GamerGate: We now know what evil lurks in the heart of man – or trolls

October 17, 2014

A girl dressed in costume plays a video game at the PAX East gaming conference in Boston

For the purposes of this column, all you need to know about “GamerGate” is that it has earned writer Anita Sarkeesian, game entrepreneur Brianna Wu, and developer Zoe Quinn violent threats from anonymous Internet sources (here’s coverage in the New York TimesReason, the Washington PostVoxHuffington Post, the Guardian, and Gawker, if you want to know more).

Sarkeesian canceled a speaking engagement at Utah State University after three death threats — one promising “the deadliest school shooting in American history” — were lodged against her and the school said a state law prohibited it from banning permitted concealed weapons from the campus. Wu, who joked about GamerGate online, says ensuing violent threats caused her and her husband to flee their home. Quinn collected threats in the opening days of the “scandal” for having allegedly engaged in unethical behavior.

Many journalists have received anonymous death threats at some point in their careers from people who think a promise to execute you in Grand Guignol fashion constitutes effective press criticism. The first death threat tends to leave an unsettling impression, but over time American journalists learn that anonymous death threats, like bloody road-rage howling, can usually be ignored.

But not all murderous bile is created equal. While readers have vowed to kill or otherwise rough me up over the years, I wouldn’t equate those generic promises with what other writers — especially female ones — say they face routinely on the Web. In a January 2014 Pacific Standard piece titled “Why Women Aren’t Welcome on the Internet,” writer Amanda Hess, who covers sex, politics, and culture, documents the anonymous threats to kill, rape, and stalk her for speaking her mind in print.

Hess is no outlier. Last summer, in a round-up piece about online ugliness against women, the Washington Post‘s Alyssa Rosenberg provided other examples. (See also Kat Stoeffel in New York). A comic-book review by Janelle Asselin was greeted by rape threats. The comments section at the feminist site Jezebel became such a garden of sexual harassment that staffers demanded that their bosses at Gawker rein the section in. After asking on Twitter if anybody knew if any country offered free or subsidized tampons to residents, Guardian columnist Jessica Valenti was told to undergo a hysterectomy or have her vagina sewn shut for asking. “When people say you should be raped and killed for years on end, it takes a toll on your soul,” Valenti told Hess. When men she doesn’t know approach her at public events, she added, “the hairs on the back of my neck stand up.”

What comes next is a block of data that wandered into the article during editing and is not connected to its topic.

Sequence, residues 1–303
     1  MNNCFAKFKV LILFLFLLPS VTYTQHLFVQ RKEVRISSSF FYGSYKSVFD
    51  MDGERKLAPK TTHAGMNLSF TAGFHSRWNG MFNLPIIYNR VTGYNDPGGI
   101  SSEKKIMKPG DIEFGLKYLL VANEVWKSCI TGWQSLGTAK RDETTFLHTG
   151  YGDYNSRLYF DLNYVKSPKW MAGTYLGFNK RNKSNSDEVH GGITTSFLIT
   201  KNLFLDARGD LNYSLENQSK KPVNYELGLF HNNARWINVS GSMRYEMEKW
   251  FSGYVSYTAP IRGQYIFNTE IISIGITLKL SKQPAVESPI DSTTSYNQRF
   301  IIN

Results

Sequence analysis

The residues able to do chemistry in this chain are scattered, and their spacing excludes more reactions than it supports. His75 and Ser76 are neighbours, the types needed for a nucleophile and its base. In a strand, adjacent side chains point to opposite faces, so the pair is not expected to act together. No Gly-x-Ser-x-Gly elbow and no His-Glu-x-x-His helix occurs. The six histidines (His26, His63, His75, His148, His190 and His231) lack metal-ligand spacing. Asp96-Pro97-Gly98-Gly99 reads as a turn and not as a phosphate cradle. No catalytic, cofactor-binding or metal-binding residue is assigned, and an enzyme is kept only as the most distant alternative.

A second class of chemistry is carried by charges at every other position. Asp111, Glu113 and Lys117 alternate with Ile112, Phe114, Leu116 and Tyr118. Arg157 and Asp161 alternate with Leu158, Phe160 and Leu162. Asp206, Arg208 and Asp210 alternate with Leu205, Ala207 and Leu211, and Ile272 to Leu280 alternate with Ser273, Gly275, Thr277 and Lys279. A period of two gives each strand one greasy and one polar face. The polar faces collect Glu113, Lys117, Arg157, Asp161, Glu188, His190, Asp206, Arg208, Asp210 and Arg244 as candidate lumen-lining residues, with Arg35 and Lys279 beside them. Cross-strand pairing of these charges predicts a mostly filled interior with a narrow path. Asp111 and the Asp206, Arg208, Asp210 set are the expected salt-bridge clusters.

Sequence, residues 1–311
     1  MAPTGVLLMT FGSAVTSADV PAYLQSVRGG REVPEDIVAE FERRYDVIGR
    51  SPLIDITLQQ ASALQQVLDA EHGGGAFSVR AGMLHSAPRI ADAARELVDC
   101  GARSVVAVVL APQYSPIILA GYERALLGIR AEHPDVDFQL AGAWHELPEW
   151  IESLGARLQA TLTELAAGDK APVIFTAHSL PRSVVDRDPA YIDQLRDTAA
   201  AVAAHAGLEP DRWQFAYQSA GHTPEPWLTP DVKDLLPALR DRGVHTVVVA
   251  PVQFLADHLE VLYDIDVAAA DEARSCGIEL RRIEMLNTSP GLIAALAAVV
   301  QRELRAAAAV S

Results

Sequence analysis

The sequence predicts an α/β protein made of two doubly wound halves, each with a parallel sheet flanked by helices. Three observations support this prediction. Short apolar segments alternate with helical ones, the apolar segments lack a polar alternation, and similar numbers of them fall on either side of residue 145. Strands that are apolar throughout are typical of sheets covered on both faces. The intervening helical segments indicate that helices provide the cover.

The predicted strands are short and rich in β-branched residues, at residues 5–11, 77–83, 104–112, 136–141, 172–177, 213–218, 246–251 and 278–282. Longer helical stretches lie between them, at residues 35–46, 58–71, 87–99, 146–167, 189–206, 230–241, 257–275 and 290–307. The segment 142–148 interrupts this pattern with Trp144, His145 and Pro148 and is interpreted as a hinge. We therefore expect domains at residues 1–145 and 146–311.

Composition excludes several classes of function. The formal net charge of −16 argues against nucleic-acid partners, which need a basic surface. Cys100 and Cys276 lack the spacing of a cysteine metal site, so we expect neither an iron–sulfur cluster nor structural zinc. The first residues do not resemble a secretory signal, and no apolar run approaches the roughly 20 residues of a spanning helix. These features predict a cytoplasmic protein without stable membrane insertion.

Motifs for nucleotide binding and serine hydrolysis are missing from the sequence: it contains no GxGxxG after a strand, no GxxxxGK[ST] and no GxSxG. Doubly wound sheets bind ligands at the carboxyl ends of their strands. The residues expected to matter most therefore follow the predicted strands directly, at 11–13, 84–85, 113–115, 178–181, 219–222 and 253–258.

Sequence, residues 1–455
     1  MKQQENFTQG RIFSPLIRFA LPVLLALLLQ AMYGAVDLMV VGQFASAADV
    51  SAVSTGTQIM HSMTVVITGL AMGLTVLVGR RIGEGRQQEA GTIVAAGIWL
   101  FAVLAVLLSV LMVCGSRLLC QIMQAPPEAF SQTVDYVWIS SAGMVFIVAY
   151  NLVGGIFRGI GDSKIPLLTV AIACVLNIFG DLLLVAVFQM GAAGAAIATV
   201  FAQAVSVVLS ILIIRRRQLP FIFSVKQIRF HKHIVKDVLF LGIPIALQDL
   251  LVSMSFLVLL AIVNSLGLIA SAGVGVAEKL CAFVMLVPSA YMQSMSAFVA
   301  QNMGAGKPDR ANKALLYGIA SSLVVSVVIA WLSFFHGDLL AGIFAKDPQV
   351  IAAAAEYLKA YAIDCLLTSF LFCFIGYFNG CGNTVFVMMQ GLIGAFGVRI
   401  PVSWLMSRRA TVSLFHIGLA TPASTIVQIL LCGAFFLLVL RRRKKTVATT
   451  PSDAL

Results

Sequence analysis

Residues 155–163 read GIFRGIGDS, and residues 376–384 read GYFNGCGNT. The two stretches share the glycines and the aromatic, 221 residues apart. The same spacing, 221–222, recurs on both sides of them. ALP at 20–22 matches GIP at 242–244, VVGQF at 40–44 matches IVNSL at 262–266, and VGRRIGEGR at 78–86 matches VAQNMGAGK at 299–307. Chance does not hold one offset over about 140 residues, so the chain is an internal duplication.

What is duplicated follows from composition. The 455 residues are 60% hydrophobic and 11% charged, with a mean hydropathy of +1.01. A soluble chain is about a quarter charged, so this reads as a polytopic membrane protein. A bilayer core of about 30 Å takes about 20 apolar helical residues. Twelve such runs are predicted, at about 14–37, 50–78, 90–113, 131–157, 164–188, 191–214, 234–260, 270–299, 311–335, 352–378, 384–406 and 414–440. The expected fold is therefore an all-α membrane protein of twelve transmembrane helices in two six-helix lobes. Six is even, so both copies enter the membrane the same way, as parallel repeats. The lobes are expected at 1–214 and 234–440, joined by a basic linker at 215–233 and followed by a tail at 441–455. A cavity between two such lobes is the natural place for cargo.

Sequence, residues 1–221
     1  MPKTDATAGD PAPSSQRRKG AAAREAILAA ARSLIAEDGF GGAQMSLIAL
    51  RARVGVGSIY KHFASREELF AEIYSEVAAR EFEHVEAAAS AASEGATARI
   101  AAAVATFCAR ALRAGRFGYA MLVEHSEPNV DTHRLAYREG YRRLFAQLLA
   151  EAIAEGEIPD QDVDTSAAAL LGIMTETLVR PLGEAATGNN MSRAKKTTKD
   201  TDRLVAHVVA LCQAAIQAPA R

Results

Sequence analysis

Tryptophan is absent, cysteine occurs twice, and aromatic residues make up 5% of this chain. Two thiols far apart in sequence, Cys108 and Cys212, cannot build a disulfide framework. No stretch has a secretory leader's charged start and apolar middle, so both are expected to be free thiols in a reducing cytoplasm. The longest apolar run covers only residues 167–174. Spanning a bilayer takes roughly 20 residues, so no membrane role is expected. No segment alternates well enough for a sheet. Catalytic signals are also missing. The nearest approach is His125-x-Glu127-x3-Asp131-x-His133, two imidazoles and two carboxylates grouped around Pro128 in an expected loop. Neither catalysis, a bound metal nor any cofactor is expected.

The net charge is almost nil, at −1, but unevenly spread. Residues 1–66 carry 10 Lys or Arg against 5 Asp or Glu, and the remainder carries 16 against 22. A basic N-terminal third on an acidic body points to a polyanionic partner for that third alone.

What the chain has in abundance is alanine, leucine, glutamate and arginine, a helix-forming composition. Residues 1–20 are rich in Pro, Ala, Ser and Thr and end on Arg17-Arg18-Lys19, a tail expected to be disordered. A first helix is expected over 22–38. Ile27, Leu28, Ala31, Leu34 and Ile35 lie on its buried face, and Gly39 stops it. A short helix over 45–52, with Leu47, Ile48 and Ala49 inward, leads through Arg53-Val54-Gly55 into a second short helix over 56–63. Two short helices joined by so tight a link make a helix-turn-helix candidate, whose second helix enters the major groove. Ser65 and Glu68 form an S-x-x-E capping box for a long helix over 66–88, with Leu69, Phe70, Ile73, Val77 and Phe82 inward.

Other female writers of my acquaintance say they regularly endure physical threats and vile comments about their sexual equipment merely for publishing. I can’t say that I know of many male journalists who have suffered similarly, although I’m sure gay writers are invited to kill themselves in great number.

What possesses people to make the anonymous threats against women? Our culture has corrected many cultural wrongs against women over the last century — granting them the vote; allowing them to hold property after marriage; make reproductive decisions; and so on — and no revolution leaves everybody happy. But even then, I don’t think the death and rape threats are necessarily coming from chauvinist counter-revolutionaries. I blame the Web’s embrace of anonymity for making these sociopathic gestures so easy to make without being held accountable.

That doesn’t mean I oppose anonymity. Inscribed inside the concept of anonymity is the right to be left alone, the greatest right there is. Anonymity also encourages many excellent behaviors, such as voting in a democratic election, which many would otherwise avoid. Likewise, the Web makes it supremely easy for whistleblowers to bring wrongdoing to the attention of journalists and for all to speak their minds against power. For all that I’m grateful.

The dark side of anonymity, of course, is the sucker punch that comes out of the dark. No murder and rape threat I’ve read in preparing this column has a human being’s signature attached to it. Like the people who write, “For a good time, call Edith at 555-1212″ on a toilet-stall wall, the death- and rape-threat perpetrators would be silent if they knew their covers could be blown. Another enabler is the ease that the Web offers. In the old days, when your id instructed you to anonymously threaten a woman with rape, you had to write the letter by hand, address the envelope, stick a stamp on it, and send it via post. Then, a couple of days later, your message would arrive. This sort of delayed satisfaction does not appeal to the average id, whereas the structure of today’s Web allows you to terrify almost anybody instantaneously. And get away with it.